What does “Sacred Path Birth” mean?

posted in: Fear of Birth, Sacred Birth | 0

birth is Ancient

Since the beginning of time women have held one truly united honor, the gift of bringing new life into the world. Often women feel an overwhelming sense of destiny after birthing their child and share a feeling of connectedness to all mothers.

She feels a sense of purpose, “This is what I’m here to do. I was made for this”.

These feelings in many way confirm the blueprint and geneticism of the female rite.

In modern society this ‘sense’ is all too uncommon. A stronger trend is one of fear of the birth process.

Social stories that have been passed down recent generations have fed this fear, and the medical approach towards birth as a medical condition that needs intervention has only solidified the prevalent belief that birth is a scary and/or unpredictable medical emergency.

Research has estimated that up to 95 percent of women can safely give birth without medical interventions. (Wikipedia – Natural Childbirth) A minority of women may need some kind of medical help during birth, and thankfully these resources exist.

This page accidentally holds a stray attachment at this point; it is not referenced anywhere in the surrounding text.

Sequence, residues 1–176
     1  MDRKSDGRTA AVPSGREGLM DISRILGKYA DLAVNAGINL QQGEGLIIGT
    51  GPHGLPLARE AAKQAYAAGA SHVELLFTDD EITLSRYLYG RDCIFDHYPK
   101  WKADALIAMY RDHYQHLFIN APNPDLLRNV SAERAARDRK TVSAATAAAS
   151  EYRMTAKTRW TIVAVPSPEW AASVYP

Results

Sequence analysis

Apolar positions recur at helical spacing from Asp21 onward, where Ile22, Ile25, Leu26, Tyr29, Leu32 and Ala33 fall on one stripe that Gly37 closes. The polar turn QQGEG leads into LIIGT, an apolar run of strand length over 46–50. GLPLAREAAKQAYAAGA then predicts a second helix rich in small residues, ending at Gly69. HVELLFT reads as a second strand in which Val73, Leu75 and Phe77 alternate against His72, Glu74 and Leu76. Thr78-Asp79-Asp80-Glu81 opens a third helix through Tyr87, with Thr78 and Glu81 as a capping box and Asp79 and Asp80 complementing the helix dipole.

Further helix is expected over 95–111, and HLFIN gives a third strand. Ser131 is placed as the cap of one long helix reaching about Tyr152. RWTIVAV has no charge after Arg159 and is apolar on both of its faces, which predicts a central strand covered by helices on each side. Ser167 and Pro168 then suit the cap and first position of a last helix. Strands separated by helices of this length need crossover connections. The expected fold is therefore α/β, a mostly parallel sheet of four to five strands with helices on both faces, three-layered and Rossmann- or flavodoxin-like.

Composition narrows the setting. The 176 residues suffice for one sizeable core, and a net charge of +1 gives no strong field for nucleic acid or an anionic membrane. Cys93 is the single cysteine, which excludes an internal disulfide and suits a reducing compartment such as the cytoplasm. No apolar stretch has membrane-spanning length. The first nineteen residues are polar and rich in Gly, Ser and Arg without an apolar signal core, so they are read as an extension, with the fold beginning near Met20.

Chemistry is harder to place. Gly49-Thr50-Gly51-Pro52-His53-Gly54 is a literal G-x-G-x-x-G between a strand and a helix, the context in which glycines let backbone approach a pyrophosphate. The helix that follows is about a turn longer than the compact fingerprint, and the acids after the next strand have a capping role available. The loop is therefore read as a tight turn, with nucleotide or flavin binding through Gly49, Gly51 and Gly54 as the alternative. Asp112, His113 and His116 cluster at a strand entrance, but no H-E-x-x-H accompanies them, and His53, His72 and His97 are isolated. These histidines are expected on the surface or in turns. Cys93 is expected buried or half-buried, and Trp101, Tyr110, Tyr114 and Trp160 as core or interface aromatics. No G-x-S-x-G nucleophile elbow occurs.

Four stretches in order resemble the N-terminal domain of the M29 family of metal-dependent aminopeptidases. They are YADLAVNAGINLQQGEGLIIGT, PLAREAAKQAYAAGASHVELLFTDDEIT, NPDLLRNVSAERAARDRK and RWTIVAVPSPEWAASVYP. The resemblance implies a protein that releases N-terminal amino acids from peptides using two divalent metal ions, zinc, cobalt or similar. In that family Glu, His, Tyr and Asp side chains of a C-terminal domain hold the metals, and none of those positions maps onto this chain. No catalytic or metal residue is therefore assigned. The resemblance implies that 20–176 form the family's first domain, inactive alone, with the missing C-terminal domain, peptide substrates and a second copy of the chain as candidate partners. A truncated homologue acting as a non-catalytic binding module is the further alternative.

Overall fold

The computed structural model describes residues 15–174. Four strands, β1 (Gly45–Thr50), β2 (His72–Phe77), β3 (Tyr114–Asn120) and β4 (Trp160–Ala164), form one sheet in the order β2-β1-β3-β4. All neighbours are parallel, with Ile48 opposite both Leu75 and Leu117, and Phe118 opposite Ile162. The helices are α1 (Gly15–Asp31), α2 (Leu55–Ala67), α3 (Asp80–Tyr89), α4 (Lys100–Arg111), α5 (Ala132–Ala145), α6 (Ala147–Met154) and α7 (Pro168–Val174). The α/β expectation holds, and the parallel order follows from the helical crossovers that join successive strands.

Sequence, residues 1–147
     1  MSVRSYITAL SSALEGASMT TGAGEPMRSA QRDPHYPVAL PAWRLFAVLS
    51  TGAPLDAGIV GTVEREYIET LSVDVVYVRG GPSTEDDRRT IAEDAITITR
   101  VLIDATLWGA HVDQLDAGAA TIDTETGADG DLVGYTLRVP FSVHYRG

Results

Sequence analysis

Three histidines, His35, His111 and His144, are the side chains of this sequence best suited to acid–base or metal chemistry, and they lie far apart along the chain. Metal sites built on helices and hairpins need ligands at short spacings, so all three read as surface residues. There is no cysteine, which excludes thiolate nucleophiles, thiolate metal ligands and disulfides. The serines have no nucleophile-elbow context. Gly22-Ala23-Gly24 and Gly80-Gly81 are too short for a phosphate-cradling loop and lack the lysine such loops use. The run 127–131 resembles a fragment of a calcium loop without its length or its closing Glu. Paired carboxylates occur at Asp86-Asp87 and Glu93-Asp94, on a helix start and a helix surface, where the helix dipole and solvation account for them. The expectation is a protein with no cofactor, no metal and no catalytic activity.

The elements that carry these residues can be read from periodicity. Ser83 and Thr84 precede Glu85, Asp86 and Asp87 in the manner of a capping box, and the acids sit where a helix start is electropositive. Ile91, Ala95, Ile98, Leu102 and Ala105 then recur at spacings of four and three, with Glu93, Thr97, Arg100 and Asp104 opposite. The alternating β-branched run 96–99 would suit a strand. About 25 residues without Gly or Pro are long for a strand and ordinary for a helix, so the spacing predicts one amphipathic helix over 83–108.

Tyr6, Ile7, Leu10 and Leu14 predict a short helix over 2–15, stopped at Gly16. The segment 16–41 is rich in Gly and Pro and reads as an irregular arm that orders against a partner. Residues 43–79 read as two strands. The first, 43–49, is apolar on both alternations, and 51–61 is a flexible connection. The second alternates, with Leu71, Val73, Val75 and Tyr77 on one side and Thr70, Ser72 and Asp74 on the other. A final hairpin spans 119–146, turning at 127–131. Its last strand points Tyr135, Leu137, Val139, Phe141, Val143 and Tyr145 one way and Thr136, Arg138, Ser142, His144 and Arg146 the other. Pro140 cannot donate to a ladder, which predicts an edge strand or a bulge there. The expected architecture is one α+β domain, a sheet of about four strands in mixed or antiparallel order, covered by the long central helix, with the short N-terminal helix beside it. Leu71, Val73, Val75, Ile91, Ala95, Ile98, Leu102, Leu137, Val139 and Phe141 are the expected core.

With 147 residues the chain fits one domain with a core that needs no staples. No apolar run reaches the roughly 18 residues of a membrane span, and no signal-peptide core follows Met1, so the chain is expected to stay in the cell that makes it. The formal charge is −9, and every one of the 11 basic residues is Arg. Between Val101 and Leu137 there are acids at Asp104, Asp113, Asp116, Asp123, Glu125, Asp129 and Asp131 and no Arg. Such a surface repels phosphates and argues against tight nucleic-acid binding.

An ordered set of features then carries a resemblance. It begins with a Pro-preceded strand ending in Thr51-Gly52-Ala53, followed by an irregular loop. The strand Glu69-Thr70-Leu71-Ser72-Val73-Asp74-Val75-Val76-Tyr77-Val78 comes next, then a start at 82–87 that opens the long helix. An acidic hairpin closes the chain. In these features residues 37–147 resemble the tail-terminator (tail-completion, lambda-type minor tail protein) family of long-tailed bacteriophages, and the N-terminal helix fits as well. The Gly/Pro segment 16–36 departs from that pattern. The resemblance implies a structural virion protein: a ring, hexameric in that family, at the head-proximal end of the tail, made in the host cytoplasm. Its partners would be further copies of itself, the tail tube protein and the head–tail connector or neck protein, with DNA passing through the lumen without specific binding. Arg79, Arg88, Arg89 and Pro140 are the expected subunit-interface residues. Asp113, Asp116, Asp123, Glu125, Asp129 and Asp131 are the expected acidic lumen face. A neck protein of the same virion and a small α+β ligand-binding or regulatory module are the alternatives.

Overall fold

But in many cases these interventions are unnecessary and can often lead to undesirable outcomes for mother and baby, and thus feed the negative cycle of birth fear that exists today.

In most cases, the birthing process takes over and performs as a perfectly designed mechanism. The process has shown to be wise and reliable for the majority of women.

The current climate of fear for the birth process is hindering mothers from experiencing the fullness of their due rite, and the incredible feeling of accomplishment and empowerment that comes with it.

As individuals and a society it is time to replace that fear with trust and respect for the process that has worked all throughout time, and brought each one of us here today.

Honoring birth for what it has been and continues to be, a Mother’s Sacred Path….

“Natural Childbirth.” Wikipedia, The Free Encyclopedia. Wikimedia Foundation, Inc. 10 Feb. 2013. Web. 17 Feb. 2013